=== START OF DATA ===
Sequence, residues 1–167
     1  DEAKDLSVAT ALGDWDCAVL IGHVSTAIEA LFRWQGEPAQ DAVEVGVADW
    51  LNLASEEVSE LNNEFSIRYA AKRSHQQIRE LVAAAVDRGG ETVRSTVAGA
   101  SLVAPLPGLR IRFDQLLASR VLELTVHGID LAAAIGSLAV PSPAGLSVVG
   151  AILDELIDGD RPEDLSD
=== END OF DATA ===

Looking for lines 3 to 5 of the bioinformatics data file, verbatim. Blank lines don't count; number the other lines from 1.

    51  LNLASEEVSE LNNEFSIRYA AKRSHQQIRE LVAAAVDRGG ETVRSTVAGA
   101  SLVAPLPGLR IRFDQLLASR VLELTVHGID LAAAIGSLAV PSPAGLSVVG
   151  AILDELIDGD RPEDLSD